I explained Villanueva's case as follows in this prior blog post:
Core Laboratories NV is a publicly traded company based in Houston, Texas. It provides services to the petroleum industry. For 16 years, William Villanueva worked as CEO of Saybolt Columbia, Core’s subsidiary.
In 2008, Villanueva sent emails to corporate executives in Houston reporting how other company executives were engaged in tax transfer schemes that falsely transferred profits to low-tax Curacao, an island in the Caribbean Sea. He also reported that Core accountants in Columbia were making false claims to evade the Columbian value added tax (VAT). After Villanueva refused to sign a false tax return, Core fired him.
Villanueva filed a complaint with the Department of Labor (DOL) claiming that he was fired in retaliation for raising his concerns. He claimed that his discharge violated the 2002 Sarbanes-Oxley Act (SOX). An administrative law judge (ALJ) granted Core’s motion to dismiss on grounds that Villanueva worked outside the U.S. Villanueva appealed to DOL's Administrative Review Board. The ARB considered the effect of the U.S. Supreme Court’s decision in Morrison v. National Australia Bank, 561 U.S. ___, 130 S. Ct. 2869 (2010) and held that Villanueva had no protection.
Villanueva appealed to the Fifth Circuit U.S. Court of Appeals. In 2012, I filed an amicus brief in his case. My brief pointed out how Core Labs's tax fraud violated not only Columbian law, but also U.S. securities law. Villanueva’s disclosures about Core Labs’ obligation to pay Columbian taxes is also a disclosure that its officers planned to file a false report to the SEC about its liabilities. Villanueva’s superiors intended to evade the Columbian taxes by concealing its income. As such, they could not report the known Columbian tax liability to the SEC. Doing so would make the income known to the whole world, including Columbia. The fraud on the SEC was essential to the overall scheme. As Villanueva was raising a concern about this scheme, his actions are protected by SOX.
Sadly, the Court today did not address this reasoning. It did say the right thing about the scope of protection under SOX, affirming the ARB decision in Sylvester:
We agree with the Board that § 806’s “critical focus is on whether the employee reported conduct that he or she reasonably believes constituted a violation of federal law.” Sylvester v. Parexel Int’l LLC, ARB No. 07-123, 2011 WL 2165854, at *15 (ARB May 25, 2011) (first emphasis added). Admittedly, “[a]n employee need not cite a code section he believes was violated in his communications to his employer, but the employee’s communications must identify the specific conduct that the employee believes to be illegal.” Welch v. Chao, 536 F.3d 269, 276 (4th Cir. 2008) (internal quotation marks omitted).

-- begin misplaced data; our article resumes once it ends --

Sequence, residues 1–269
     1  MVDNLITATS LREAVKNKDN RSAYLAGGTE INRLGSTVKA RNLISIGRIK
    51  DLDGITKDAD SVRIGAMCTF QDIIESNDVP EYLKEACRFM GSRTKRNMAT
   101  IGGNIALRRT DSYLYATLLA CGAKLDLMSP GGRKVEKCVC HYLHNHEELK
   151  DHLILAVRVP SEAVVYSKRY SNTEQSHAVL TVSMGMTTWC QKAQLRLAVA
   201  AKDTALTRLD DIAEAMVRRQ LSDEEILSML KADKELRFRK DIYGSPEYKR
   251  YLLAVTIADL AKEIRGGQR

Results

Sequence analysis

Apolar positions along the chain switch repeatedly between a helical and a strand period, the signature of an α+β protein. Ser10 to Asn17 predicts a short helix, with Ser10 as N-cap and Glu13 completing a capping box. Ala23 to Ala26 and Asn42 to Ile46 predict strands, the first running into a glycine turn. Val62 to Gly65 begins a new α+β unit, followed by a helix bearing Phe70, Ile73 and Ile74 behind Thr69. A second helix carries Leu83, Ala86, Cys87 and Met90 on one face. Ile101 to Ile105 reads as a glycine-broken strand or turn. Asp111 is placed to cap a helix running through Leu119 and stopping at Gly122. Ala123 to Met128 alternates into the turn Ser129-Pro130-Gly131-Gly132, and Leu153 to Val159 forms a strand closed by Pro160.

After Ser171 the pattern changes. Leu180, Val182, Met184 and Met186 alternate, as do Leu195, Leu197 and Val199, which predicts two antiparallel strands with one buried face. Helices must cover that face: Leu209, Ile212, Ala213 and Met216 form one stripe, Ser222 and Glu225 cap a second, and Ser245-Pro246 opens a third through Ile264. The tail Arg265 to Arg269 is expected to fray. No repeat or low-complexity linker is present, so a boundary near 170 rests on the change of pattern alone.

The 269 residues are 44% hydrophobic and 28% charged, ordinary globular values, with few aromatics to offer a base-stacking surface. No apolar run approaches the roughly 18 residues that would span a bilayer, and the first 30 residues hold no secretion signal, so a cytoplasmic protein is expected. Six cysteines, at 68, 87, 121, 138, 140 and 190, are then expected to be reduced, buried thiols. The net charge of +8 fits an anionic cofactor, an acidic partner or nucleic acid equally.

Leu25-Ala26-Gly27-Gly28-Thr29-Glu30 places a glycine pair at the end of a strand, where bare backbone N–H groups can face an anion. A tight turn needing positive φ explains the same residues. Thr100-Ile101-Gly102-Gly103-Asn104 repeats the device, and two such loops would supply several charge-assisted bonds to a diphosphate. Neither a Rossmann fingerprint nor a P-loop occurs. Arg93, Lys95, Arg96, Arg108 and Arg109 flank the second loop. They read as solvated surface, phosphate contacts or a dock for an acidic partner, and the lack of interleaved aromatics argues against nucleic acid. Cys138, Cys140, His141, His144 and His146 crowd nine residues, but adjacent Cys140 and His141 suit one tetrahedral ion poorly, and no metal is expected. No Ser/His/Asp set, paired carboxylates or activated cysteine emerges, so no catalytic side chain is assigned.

Here is where the Court's opinion errs:
In this case, the “specific conduct” that Villanueva asserted was illegal was Saybolt Colombia’s underreporting of taxes due to the Colombian government. In his reply brief, Villanueva claims that he repeatedly objected to the conduct of Core Labs officials in Houston, sufficient to satisfy Welch’s point about notice to the employer, but the conduct to which he objected was the supposed orchestration of violations of Colombia tax law, not the violation of U.S. mail or wire laws to effectuate those purported Colombian law violations. Consequently, Villanueva has not demonstrated that he engaged in any protected activity, and, given this, we cannot say, as required by Allen, that Core Labs knew that Villanueva engaged in a protected activity that was a contributing factor in the unfavorable actions of withholding his pay raise and ultimately terminating him. See 18 U.S.C. § 1514A; Allen, 514 F.3d at 475-76.
If the Court had read my amicus brief, they would have known that concealing the non-payment of lawfully due Columbian taxes is a violation of SEC law. If they had read the whole Sylvester decision, they would have known from page 15 that:
The reasonable belief standard requires an examination of the reasonableness of a complainant’s beliefs, but not whether the complainant actually communicated the reasonableness of those beliefs to management or the authorities. See, e.g., Knox v. U.S. Dept. of Labor, 434 F.3d 721, 725 (4th Cir. 2006).
The issue of whether SOX protects corporate fraud whistleblowers outside the U.S. remains open in the Fifth Circuit and elsewhere. However, whistleblowers everywhere have one more reason to be concerned that the protections granted by Congress can fall off the edges of an appellate decision.
The case is Villanueva v. U.S. Dept. of Labor, No. 12-60122 (5th Cir. 2-12-2014) (published).
By Richard Renner.